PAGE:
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Juvenile idiopathic arthritis (JIA) is the term used to describe arthritis—inflammation
(cellular damage) of the synovium (the lining of
joints)—with onset before 16 years of age. Previously called juvenile
rheumatoid arthritis, the name has been changed to reflect the difference
between the juvenile (childhood) forms of
arthritis and adult forms of arthritis. Although JIA is idiopathic (the cause is not known), it is likely the
result of a combination of genetic, infectious, and environmental factors.
Because arthritis in children may resemble the joint pain associated with
infections, cancer, bone disorders, and other inflammatory disorders, these
potential causes must be excluded before the diagnosis of JIA can be made.
The October 5, 2005, issue of JAMA includes an
article about treatment of JIA.
JIA is categorized into 5 main types based on the number of joints
involved during the first 6 months of disease and the involvement of
Oligoarthritis accounts for approximately 50% of JIA and
is defined as involvement of fewer than 5 joints. This type often includes
uveitis (inflammation in the eyes).
arthritis in 5 or more joints.
Systemic arthritis accounts
for approximately 10% to 20% of JIA and is characterized by high fevers,
rash, and inflammation of other organs, in addition to
often affects the spine, hips, and entheses (attachment points of tendons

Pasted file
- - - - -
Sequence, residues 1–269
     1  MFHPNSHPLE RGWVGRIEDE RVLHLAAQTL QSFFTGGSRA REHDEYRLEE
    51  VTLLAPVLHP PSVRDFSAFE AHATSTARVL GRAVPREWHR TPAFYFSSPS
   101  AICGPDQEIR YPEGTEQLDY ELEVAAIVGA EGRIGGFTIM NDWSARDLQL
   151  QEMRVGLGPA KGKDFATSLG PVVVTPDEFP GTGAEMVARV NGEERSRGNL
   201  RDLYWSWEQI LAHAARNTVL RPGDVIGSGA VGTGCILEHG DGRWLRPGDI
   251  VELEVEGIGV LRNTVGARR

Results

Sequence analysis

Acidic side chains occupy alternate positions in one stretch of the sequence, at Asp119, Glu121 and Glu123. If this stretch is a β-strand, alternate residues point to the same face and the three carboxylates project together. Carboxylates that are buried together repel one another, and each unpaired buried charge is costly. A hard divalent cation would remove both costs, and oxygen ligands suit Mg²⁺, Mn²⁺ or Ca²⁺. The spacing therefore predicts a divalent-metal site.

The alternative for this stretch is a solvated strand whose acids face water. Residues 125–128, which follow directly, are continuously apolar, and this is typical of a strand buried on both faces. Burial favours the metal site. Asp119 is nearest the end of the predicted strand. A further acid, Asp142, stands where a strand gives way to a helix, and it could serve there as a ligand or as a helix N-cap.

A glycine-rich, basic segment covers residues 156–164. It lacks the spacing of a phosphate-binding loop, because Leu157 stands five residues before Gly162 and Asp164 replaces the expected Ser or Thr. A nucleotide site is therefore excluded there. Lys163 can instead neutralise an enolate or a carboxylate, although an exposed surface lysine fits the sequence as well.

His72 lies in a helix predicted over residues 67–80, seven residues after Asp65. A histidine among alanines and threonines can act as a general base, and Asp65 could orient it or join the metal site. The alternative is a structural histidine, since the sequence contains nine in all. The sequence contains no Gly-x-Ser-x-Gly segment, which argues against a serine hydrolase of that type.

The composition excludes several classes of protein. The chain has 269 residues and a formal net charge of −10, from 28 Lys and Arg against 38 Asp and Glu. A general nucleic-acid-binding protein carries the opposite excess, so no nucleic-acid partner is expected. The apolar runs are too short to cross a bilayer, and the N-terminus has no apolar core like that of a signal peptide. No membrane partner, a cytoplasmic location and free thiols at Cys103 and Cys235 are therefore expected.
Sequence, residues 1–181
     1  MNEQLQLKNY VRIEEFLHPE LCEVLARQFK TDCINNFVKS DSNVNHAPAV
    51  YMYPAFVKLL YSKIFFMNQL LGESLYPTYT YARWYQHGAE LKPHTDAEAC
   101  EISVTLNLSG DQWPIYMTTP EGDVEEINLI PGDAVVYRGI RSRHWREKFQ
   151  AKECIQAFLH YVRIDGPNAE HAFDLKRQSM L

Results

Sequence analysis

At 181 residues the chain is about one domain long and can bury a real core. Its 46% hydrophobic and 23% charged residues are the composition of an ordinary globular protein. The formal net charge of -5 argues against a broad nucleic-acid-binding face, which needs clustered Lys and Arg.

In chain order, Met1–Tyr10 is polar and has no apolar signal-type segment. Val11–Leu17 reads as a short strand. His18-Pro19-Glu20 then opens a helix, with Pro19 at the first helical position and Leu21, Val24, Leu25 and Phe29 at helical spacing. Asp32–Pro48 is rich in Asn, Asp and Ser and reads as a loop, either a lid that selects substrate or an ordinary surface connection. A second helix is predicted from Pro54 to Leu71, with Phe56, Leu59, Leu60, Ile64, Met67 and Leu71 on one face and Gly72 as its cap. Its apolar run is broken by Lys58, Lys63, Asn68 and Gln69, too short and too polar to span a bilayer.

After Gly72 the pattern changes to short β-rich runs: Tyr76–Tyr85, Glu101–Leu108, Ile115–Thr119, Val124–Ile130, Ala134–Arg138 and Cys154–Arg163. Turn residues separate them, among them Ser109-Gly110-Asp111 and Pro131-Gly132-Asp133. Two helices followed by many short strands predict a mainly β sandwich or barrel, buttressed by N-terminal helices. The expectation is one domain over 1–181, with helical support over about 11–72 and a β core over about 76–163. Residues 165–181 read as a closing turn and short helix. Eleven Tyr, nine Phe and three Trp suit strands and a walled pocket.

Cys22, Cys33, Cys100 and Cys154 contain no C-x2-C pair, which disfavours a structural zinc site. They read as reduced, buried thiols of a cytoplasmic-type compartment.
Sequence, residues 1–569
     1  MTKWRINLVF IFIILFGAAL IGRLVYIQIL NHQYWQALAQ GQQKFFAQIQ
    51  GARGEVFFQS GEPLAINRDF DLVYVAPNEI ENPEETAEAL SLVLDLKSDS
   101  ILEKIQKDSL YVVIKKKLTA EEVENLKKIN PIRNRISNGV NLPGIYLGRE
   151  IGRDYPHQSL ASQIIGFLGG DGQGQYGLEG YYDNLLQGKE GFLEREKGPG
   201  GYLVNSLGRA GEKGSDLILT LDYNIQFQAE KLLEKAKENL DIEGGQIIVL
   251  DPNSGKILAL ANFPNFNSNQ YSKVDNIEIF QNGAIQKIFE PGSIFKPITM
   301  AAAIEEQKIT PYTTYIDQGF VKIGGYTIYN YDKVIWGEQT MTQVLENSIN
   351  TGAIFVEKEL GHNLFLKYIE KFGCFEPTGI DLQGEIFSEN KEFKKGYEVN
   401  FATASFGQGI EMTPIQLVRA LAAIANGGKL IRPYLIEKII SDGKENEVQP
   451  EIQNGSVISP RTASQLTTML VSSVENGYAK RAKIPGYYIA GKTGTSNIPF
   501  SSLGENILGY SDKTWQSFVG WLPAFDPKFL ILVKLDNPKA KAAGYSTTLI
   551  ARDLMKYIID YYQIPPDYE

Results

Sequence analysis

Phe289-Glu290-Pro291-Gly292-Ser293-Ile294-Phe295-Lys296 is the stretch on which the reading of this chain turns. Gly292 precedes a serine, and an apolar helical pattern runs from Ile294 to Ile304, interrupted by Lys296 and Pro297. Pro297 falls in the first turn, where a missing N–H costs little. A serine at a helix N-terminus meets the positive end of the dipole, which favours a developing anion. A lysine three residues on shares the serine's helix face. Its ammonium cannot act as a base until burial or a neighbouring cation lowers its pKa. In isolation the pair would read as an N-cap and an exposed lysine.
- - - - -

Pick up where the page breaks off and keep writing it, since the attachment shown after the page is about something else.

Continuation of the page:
to bones) and occurs mainly in boys older than 8 years.
Psoriatric arthritis includes
children who have arthritis with the rash of psoriasis.
In addition to a complete medical history and physical examination,
your child's doctor will order blood tests to exclude the other causes of
arthritis, to measure ongoing inflammatory activity, and to determine
whether any particular markers of arthritis are present, such as
antinuclear antibody and rheumatoid factor levels. He or she may also
obtain x-rays of affected joints to look for bony abnormalities or evidence
of joint damage. Your doctor may refer your child to a pediatric rheumatologist (a doctor with specialized
training in arthritis in children). Because inflammation in the joints may
be associated with inflammation in the eyes, he or she may also refer your
child to an ophthalmologist (eye specialist) for a
detailed eye examination.
Medications are available that both decrease the symptoms of joint
pain and stiffness and alter the disease process, preventing permanent
damage to the joint or joints. Appropriate medical therapy depends on the
category of JIA and extent of joint involvement. Occupational and physical
therapies may help maintain range of motion in joints and help your child
with participation in activities at school and at home.
For more information
American College of Rheumatology
Arthritis Foundation 800/283-7800 http://www.arthritis.org
Pediatric Rheumatology International Trials
To find this and previous JAMA Patient Pages, go to the Patient Page
link on JAMA's Web site at http://www.jama.com.
Source: American College of Rheumatology
The JAMA Patient Page is a public service of JAMA. The information and recommendations appearing on
this page are appropriate in most instances, but they are not a substitute
for medical diagnosis. For specific information concerning your personal
medical condition, JAMA suggests that you consult
your physician. This page may be photocopied noncommercially by physicians
and other health care professionals to share with patients. To purchase
bulk reprints, call 718/946-7424.
This article was corrected on 10/26/2005, prior to publication of the correction in print.
Ringold S, Burke A, Glass RM. Juvenile Idiopathic Arthritis. JAMA. 2005;294(13):1722. doi:10.1001/jama.294.13.1722
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